I never thought the most challenging stage of motherhood to date would be year seven. That’s right — it wasn’t the period of sleepless nights of the newborn months or even the sleepless nights of having a newborn AND a toddler and, later on, with two other children. It came three years after sleep deprivation and nipple chaffing.
The hardest stage of motherhood so far is now — my three kids at ages 7, 5 and 3.
The difficulty of motherhood snuck up on me and swiftly kicked me in the butt, knocking me flat on my face. Between therapies, tantrums and sleep regression of a 5-year-old, the hardships piled on, and here I am right in the thick of it.
I found a handful of daily exercises that help. But the last few weeks I have felt empowered by what I call my “Momtra,” looking for that sacred phrase, sound or group of words that can bring power and positivity into my life.
I decided to focus on one aspect of motherhood a week, and so far, the results have been spectacular. It isn’t to say I always follow through or perfectly live out my Momtra, but the important thing is I have a reference when I am working on a specific area of progress. In fact, those times I feel like I am failing, I can refer back to my Momtra and say to myself, “Ok, I didn’t do it this time, but I can try again.”
Here are four Momtras that have gotten me through the most challenging stage of motherhood so far.
“Just Be Better Than a 5-Year- Old” Mommas, this one is surprisingly hard! When my 5-year-old reacts like dynamite, he sets something off in me that wants to respond right back. I remind myself of this Momtra and try and breath the explosion away and remember that he is 5-year-old learning how to live life.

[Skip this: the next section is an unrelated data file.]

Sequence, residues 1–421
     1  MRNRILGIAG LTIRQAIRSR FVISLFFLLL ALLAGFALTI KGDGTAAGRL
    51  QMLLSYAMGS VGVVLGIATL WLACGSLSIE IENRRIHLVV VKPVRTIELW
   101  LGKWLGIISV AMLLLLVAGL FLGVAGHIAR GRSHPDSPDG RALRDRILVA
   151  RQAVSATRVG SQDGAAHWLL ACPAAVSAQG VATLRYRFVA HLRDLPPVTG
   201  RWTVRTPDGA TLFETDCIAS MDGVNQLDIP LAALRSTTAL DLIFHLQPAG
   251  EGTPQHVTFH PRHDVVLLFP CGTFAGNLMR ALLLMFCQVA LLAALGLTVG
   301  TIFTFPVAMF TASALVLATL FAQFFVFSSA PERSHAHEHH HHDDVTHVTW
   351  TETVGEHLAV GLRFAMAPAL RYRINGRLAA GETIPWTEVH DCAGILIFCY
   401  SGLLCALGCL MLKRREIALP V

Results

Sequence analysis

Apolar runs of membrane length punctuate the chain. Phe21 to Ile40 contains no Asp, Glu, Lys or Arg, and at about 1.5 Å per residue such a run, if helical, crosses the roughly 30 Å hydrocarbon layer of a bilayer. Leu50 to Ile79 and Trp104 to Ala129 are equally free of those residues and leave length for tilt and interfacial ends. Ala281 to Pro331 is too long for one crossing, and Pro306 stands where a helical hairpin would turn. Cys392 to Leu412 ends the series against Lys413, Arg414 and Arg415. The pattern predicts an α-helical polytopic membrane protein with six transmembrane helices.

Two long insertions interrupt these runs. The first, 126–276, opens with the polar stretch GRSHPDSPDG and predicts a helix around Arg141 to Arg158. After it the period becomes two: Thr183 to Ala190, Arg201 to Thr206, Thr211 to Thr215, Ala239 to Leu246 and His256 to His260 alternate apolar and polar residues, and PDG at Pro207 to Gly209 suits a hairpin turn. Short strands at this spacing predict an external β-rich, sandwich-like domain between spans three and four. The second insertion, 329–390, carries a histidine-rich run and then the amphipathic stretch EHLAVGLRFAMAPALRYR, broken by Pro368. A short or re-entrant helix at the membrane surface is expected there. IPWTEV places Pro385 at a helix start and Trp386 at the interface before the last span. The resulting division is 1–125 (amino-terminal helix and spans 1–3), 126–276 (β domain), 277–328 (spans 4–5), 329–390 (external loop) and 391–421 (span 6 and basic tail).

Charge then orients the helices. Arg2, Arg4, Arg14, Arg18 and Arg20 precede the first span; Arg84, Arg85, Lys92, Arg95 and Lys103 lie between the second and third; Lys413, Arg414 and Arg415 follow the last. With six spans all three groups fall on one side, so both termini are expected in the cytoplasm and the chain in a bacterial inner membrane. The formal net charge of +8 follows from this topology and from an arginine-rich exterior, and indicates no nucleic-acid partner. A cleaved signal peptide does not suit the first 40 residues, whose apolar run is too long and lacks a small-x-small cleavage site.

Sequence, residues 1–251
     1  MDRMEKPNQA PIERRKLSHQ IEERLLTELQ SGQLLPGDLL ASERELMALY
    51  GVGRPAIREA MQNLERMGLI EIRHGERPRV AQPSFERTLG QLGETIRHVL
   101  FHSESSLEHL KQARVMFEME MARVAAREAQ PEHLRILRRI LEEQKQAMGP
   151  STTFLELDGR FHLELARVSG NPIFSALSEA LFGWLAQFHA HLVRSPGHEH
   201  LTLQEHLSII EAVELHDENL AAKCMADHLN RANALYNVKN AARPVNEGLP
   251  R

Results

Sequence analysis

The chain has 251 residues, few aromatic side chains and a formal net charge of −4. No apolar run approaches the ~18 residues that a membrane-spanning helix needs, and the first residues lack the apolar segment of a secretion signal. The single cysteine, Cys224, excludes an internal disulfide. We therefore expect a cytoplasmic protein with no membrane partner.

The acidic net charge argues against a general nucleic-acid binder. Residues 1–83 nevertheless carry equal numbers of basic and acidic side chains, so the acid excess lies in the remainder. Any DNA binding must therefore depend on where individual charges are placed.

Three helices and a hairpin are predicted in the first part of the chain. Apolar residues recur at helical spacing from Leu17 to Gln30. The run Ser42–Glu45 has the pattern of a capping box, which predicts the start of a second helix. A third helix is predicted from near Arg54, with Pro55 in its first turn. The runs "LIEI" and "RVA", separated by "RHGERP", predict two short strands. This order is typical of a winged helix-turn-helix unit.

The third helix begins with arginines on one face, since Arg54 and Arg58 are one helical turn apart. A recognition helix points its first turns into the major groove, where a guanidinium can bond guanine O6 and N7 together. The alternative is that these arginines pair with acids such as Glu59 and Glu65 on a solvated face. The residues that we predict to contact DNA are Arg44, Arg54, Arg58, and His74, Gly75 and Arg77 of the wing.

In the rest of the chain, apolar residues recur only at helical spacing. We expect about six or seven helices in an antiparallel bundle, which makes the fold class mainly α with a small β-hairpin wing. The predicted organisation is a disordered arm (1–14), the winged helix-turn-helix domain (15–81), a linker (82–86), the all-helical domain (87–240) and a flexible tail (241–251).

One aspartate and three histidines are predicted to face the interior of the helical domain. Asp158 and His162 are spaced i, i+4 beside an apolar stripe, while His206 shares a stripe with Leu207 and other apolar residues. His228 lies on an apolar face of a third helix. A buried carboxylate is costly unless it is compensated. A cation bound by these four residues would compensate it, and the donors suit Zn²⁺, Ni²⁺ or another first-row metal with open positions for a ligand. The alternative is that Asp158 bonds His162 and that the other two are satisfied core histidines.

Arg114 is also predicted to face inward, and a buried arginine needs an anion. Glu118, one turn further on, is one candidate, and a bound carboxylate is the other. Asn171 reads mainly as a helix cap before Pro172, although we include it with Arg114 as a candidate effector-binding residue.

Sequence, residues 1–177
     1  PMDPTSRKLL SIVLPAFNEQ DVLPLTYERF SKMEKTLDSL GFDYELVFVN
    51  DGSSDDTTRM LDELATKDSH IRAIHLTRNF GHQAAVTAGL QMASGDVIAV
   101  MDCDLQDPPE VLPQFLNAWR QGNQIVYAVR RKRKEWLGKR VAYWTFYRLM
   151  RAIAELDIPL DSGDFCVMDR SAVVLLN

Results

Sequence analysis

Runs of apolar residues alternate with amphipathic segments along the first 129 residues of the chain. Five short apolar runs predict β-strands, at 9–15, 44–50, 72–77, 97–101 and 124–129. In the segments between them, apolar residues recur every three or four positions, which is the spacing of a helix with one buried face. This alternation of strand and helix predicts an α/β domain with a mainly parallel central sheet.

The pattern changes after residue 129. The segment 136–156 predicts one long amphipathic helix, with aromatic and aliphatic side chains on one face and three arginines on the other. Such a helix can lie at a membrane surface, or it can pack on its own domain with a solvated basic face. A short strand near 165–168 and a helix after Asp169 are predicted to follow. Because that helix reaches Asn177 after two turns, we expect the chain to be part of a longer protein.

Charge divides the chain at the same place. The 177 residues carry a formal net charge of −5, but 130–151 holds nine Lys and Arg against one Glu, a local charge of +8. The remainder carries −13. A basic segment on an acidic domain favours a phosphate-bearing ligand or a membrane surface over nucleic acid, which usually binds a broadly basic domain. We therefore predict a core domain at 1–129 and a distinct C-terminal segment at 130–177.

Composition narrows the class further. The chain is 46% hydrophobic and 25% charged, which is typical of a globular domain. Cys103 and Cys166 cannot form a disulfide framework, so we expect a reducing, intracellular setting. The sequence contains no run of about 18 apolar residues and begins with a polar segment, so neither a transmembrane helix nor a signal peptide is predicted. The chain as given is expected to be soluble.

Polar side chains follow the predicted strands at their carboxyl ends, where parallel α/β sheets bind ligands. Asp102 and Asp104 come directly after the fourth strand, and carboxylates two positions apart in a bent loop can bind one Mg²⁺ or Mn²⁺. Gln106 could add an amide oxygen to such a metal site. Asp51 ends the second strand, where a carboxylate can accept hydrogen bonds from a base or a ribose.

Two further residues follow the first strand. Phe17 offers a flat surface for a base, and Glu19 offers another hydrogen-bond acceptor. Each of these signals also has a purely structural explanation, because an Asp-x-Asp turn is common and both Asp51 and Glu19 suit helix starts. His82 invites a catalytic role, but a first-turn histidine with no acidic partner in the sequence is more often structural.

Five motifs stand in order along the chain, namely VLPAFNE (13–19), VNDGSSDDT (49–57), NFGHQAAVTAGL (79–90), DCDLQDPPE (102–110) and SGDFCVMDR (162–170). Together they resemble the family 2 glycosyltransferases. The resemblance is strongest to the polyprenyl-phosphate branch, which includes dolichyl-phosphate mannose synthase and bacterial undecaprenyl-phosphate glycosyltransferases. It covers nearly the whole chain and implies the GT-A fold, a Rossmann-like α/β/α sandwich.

“Hang in There” This Momtra does it for me when I am struggling. I used this to get me through each activity one at a time, one day at a time. Sometimes all you can provide is a warm body and a hug.
“Love Radically” When my eldest child developed emotional needs that couldn’t be met by just us, his parents, we chose to see a child psychologist. I showed up with the initial assessment, a list of behaviors I felt that needed to be "fixed." After a year of therapy, I learned the list I should have brought was the one for me. Over the year of appointments, I learned my eldest needed more love and acceptance from us.
I have been trying every day to love him radically. This Momtra of love has been a catalyst and has allowed me to love myself, my child and others more deeply.
“Don’t Take It Personally” When one of my kids is screaming in my face, running from me or even kicking me in the middle of a tantrum, I tend to take it personally. I feel like I’m being assaulted, and I have failed as a mother. But I try to look at the situation for what it is — a child developing their emotions. As a full-time mom, so many reactions seem like a personal charge at me — they are not. To be more empathetic, I have been reminding myself of this Momtra to not to take it personally.
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I still feel like I’m frequently flailing, trying to get a grip on my life, but Momtras are one way I have helped myself through this hard stage of motherhood. We all deserve to have someone cheering us on our journey. May we find that in ourselves.
What is your favorite Momtra?
Amber Folkman, the blogger behind "A Momma Abroad," is a California native who spent her university years in Hawaii where she met her husband. After a few years in Seattle, her husband's work brought him to Manila where Amber and her eldest son relocated in 2009. They now have three crazy boys ages 6, 4 and 2, whom they refer to as "#3PinoyBoys" because life in the Philippines is all they know.